Applegate Pharmacy story by J. Dickson Black (1957) Joe Applegate, the third generation of a Benton County Drug Store family, has just moved into his completely new and very modern drug store in Bentonville. "This is the first completely new drug store in the family since grandad built the first drug store in Rogers in 1881", Joe said, "and I am told it is the first modern building built in downtown Bentonville in over 30 years." The building was designed by Scott Watson Construction Co. in Rogers. It is 30 X 80 feet made of red brick and cement block, and steel. The building is completely fire proof. The inside has tile floors and is completely air conditioned. This by far is the prettiest building in Bentonville. The interior was designed by Cecil Allen of the McKesson & Robbins Drug Co. of Tulsa, Okla. They built the interior. What little wall space is not taken up with shelves is done in red wood paneling. The shelves are all steel, and there are over a mile of them.
They have the most complete and modern prescription department in northwest Arkansas. It is set in one corner of the store with a circular front. There are several hundred feet of shelf space to hold everything that could ever be needed to prepare a prescription.They have a modern waiting room with cushioned seats and a table to hold reading material.
The cosmetic department is the only one in northwest Arkansas that has carpeted floors and seats for the customers. It also is one of the best stocked in the area.
They also have a modern snack bar. The store is completely stocked as any drug store could be. The Applegate Drug stores started in the fall of 1881. At that time J. E. Applegate, (Joe's grandfather) moved from St. Louis to Rogers, Arkansas. Rogers was a new town then, only a few months old. It was at the west end of the Frisco Railroad. When J. E. Applegate arrived in Rogers, there were only a few stores along First Street. This was the main street in that day. His store was a small frame building with a vacant lot next to it. He had a full line of drugs of that day, as well as a modern soda fountain. This would all be out of place today. As well as filling prescriptions, he fitted people with glasses and repaired watches. You could also go to this drug store and buy sand, gravel, and cement to build with, or a ton of coal to heat with. There are several houses standing in Rogers whose foundation material was bought at Applegate's Drug Store. Although J. E. Applegate had only one arm, he could do any job that any other man could. He drove his team to match mares to a buggy with a skill that was never matched in Rogers. J. E. Applegate had six sons and two daughters. Five of these boys went in to the drug business. In 1920 John Applegate bought a drug store in Bentonville, from Mark Tisdale. Then Timothy bought one in Springdale, and Fred and Harold one in Rogers. In 1925 Charlie took over the First Applegate Drug store and J. E. retired to a farm to raise horses. Joe went to work in his father's drug store in Bentonville, when he had to stand on a Coke case to see over the counter. That was back in the days of Fat Emma candy bars, when Jew milk was 5 cents. Hamburgers were sold at the fountain, said Joe. "I rolled pills and filled capsules by hand. I have filled as many as 5000 Dr. Hurley Flu capsules a day. "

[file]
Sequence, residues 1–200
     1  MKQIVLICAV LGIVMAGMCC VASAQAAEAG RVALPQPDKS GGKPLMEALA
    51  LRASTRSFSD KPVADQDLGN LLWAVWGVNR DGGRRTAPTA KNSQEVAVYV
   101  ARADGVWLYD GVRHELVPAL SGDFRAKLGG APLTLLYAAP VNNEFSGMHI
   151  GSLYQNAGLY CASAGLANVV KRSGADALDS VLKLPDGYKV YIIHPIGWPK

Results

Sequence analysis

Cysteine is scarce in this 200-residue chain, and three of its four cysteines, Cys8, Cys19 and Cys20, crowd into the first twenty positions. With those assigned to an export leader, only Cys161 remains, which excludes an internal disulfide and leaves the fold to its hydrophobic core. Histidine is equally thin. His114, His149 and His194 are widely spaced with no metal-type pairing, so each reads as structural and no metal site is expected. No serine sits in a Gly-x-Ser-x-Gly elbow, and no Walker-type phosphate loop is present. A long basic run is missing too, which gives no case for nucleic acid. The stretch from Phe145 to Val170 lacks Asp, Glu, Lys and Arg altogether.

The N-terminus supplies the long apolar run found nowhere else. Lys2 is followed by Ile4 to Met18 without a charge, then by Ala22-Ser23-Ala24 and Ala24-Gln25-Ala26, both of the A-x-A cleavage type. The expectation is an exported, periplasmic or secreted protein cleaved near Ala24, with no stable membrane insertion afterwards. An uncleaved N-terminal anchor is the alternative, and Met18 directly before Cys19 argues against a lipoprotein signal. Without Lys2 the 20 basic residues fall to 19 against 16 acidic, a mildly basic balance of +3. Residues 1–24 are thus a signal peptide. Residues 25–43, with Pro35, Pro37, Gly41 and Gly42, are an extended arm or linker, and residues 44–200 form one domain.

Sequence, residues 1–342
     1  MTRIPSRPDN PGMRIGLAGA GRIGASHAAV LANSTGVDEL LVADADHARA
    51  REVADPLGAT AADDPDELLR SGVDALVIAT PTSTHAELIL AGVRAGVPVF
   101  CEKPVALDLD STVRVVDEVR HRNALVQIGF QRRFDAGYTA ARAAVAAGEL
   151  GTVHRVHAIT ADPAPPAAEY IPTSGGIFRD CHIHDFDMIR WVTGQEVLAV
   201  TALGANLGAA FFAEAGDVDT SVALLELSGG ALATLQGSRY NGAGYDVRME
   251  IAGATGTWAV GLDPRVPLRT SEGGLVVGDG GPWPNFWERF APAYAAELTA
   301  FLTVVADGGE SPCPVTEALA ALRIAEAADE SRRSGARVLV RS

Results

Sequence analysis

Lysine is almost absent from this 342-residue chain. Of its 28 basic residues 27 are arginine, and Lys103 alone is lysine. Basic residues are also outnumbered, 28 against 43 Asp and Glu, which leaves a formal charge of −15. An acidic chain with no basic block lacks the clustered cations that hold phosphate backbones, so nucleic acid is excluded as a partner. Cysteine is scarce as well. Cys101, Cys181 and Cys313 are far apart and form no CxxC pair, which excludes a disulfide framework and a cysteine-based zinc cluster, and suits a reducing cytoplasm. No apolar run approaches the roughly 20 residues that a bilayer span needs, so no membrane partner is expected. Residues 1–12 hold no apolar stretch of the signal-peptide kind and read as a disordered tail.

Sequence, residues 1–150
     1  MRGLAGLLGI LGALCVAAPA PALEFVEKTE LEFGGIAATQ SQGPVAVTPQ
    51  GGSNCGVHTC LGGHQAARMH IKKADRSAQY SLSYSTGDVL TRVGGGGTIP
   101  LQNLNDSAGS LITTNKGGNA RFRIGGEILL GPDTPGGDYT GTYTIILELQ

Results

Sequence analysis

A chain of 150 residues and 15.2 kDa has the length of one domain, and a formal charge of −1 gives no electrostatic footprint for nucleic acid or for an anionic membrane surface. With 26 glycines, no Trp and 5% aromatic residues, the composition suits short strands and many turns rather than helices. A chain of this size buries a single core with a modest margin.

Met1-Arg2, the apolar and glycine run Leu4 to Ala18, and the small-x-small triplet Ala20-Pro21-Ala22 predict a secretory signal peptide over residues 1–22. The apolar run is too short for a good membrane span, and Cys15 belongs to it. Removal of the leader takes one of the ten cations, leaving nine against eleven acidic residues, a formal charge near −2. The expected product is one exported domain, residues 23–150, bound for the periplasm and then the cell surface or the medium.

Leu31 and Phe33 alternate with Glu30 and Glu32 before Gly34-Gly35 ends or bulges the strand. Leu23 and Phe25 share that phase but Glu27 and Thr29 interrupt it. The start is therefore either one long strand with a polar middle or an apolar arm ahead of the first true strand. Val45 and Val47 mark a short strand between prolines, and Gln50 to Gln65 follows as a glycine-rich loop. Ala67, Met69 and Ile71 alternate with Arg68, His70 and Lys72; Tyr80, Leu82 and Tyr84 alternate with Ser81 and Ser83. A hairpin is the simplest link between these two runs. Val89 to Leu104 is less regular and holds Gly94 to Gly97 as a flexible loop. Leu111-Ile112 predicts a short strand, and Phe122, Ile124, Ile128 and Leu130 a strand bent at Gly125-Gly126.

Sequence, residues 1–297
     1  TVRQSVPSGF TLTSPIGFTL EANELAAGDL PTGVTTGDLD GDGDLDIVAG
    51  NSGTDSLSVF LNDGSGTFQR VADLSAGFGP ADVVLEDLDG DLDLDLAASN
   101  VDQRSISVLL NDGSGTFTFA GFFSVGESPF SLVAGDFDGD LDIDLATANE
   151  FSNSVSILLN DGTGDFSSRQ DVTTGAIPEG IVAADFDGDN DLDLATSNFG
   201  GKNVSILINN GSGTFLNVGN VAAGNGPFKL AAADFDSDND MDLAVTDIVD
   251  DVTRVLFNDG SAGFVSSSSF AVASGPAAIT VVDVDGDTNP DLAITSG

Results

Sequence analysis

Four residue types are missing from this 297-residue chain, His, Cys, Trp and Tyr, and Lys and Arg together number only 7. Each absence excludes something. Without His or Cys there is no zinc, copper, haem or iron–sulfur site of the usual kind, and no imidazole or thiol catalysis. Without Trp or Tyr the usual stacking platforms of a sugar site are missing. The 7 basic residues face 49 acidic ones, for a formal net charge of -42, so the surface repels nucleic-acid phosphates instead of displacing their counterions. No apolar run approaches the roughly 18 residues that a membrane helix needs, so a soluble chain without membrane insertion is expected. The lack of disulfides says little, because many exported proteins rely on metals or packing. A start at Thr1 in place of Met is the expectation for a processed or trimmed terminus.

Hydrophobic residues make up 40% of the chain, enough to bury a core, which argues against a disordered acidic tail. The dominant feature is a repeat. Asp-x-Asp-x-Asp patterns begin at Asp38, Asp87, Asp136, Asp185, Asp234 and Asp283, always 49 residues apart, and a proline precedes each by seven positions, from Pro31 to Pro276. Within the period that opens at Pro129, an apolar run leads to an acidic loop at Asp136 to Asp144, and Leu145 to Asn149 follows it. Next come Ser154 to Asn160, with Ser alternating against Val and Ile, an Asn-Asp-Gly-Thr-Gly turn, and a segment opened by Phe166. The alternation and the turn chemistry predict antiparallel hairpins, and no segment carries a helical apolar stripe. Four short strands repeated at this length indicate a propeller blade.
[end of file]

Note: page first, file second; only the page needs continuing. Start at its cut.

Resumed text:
Dr. Atkinson is the only doctor still in practice in Bentonville that was here when Joe started to work. The others then were Dr. Will Pickens, Dr. Hurley, Dr. Lindsey, and Dr. Chastin. Joe, a graduate of Capital College of Pharmacy in Denver, Co., took over the management of the store in 1945 after his father's heart attack. At that time the store was still at its old location of 103 N. Main. In 1957 Joe moved it to 113 N. Main. At this time Melba Applegate, Joe's wife, took over the management of the cosmetic department, a job she now holds in the new store. Friday and Saturday, Aug. 5 and 6, they held a grand house. Several thousand people came to see the new store. They were served free coffee and Coke, and ice cream cones and balloons free to kiddies. There was a drawing held for over $400 worth of merchandise. There are two Applegate Drug stores in Rogers now. These and Joe's are all that are left in the Applegate family, but the fourth generation will carry it on. Joe has one son, and John at Rogers has two sons.